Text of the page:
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10/1/1998 | 2 MINUTE READ

Is 99.9% Good Enough?

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How important is it for your company to produce products with zero defects?


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How important is it for your company to produce products with zero defects? How important is zero discharge to your operation? Do you strive for perfection or would 99.9% be good enough?

A recent issue of The Working Communicator featured an article "Strive for Perfection—OR ELSE!" The article notes that often 99.9% is not good enough. If it was good enough two million documents would be lost by the IRS this year. Also, the IRS will incorrectly process 103,260 returns this year. (What is the actual percentage?) For you photo buffs, 811,000 faulty rolls of 35-mm film would be loaded this year. (I wonder how many rolls would be loaded faultily?) In the next 60 minutes, 22,000 checks will be deducted from the wrong bank account. Every minute 1,314 telephone calls would be misdirected by telecommunication services. Every day 12 babies would be given to the wrong parents. As many as 268,500 defective tires would be shipped in the next year. Two airplane landings daily at O'Hare International Airport would be unsafe. In the next hour, 18,322 pieces of mail would be mishandled. In the next year, 55 malfunctioning automatic teller machines would be installed. This year, 291 pacemaker operations would be incorrectly performed.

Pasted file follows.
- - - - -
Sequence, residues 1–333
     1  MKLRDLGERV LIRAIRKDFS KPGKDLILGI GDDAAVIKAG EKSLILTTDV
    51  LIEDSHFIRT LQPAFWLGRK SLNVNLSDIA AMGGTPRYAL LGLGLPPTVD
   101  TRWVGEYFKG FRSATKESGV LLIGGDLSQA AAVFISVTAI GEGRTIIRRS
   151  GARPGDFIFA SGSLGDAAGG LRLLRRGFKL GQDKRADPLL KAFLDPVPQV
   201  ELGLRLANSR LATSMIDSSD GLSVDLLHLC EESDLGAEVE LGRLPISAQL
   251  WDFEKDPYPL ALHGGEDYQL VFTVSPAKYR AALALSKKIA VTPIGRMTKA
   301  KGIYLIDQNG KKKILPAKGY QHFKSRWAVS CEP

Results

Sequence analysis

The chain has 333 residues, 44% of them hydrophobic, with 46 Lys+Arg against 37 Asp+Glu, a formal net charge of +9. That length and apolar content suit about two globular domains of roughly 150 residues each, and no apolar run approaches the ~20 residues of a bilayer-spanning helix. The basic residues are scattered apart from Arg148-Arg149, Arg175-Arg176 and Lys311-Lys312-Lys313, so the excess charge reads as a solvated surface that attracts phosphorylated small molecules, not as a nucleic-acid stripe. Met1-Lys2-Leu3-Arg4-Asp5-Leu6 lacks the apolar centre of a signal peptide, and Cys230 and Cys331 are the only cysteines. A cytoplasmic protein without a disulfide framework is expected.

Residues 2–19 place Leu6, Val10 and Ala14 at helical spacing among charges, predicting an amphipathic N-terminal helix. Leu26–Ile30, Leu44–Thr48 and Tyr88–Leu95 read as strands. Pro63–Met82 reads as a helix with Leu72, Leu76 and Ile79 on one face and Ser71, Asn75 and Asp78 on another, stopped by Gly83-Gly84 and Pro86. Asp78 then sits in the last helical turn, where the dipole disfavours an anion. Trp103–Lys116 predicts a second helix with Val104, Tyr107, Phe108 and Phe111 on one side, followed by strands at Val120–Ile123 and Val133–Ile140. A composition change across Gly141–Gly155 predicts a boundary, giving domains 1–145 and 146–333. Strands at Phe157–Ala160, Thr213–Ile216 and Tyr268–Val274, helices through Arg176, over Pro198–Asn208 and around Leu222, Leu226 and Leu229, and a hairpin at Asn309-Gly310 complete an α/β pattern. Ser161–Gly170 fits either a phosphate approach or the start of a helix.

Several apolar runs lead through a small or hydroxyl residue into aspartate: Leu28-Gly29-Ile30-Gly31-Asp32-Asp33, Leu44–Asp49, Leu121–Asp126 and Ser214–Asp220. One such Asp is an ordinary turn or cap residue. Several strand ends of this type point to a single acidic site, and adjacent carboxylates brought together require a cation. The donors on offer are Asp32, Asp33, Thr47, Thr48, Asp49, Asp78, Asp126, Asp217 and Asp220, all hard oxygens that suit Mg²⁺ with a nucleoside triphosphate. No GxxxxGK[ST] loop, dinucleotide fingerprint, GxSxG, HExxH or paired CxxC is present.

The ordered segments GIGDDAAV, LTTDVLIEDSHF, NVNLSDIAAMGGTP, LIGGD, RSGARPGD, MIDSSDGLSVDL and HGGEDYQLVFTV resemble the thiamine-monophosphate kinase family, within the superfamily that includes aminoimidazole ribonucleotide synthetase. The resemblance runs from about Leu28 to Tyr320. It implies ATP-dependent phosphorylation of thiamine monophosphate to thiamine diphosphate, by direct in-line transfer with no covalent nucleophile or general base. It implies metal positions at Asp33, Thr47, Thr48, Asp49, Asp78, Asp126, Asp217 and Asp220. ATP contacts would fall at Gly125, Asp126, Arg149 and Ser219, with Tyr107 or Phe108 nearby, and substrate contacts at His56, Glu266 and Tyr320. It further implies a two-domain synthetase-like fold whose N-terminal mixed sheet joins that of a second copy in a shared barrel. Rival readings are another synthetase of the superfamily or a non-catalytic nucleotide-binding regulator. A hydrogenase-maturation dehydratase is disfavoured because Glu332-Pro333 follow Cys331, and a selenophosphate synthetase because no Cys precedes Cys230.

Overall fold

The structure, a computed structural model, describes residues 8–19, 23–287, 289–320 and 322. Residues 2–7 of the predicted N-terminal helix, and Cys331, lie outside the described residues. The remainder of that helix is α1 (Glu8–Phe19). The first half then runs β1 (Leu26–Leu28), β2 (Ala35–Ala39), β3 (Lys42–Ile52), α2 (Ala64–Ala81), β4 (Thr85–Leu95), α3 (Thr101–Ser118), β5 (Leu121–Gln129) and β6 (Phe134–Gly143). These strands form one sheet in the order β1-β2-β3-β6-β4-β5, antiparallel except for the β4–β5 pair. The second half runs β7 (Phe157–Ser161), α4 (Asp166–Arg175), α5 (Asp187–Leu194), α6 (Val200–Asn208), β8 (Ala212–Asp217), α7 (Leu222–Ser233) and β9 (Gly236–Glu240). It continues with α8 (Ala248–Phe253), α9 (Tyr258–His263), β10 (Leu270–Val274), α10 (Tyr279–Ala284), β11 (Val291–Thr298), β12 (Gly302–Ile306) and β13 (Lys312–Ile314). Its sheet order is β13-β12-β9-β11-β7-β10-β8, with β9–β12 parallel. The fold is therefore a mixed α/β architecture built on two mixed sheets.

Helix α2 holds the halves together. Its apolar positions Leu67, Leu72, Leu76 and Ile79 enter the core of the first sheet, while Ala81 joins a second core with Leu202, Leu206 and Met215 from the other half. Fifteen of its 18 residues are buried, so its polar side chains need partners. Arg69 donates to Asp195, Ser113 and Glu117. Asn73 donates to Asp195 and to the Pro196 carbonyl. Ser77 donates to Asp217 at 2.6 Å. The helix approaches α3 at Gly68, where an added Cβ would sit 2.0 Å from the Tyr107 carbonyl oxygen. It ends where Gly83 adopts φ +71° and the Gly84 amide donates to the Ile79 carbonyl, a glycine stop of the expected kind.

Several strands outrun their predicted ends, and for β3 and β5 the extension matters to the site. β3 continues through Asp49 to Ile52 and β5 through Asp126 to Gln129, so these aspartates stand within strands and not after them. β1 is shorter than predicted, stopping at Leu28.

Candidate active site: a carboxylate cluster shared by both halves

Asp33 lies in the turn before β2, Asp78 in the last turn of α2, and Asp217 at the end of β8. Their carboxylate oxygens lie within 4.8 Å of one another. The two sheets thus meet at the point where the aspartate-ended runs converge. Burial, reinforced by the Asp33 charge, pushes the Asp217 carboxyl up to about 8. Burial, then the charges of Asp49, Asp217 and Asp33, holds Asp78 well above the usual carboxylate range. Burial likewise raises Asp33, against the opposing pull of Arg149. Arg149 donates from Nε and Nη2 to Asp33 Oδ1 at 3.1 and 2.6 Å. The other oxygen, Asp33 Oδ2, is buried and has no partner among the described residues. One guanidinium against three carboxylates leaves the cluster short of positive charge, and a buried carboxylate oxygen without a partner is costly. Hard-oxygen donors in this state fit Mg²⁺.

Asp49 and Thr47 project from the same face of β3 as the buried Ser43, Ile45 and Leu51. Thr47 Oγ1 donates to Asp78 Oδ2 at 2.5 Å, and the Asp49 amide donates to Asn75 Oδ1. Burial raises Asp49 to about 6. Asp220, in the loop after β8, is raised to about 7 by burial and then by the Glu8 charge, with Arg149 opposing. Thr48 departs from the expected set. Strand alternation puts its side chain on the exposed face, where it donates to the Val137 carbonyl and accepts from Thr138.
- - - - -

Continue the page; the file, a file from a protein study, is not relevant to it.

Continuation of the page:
So, is 99.9% still good enough for your operation? I always thought that even 95% was good enough. However, I was quite wrong in my thinking. Ninety-five percent may earn you an A in school, but it doesn't cut it in manufacturing and technology.

If you finish a million pieces each year and 5% are defective, that equals 50,000 defective parts. That adds up to a lot of money: stripping, refinishing, labor, chemicals, etc. Not to mention the toll it takes on your reputation for quality and on-time delivery.

If 5% of all the passenger cars manufactured in 1997 proved defective, at least 296,340 consumers would be pretty unhappy (using data from the AAMA). In December of 1997, the editorial focused on the chipping paint problem automobile manufacturers and consumers were experiencing. Only 0.6% of the cars had paint chipping problems. I thought that was an acceptable percentage. Well, plenty of people let me know that I was wrong (including immediate family).

So what is perfection? Zero defects? Zero discharge? Yes, if you want to put it in concrete terms. How do you attain it? It means providing the same finish on the same part every time. It is having the right color, thickness, composition, coverage and environmental resistance as every other part just like it in the run. However, even more important than being perfect is striving for perfection. It is that 99% perspiration as opposed to the 1% inspiration that really makes a difference, according to Thomas Edison.

And, English Statesman Lord Chesterfield suggested, "Aim at perfection in everything, though in most things it is unattainable. However, they who aim at it, will come much nearer to it than those whose laziness and despondency make them give it up as unattainable."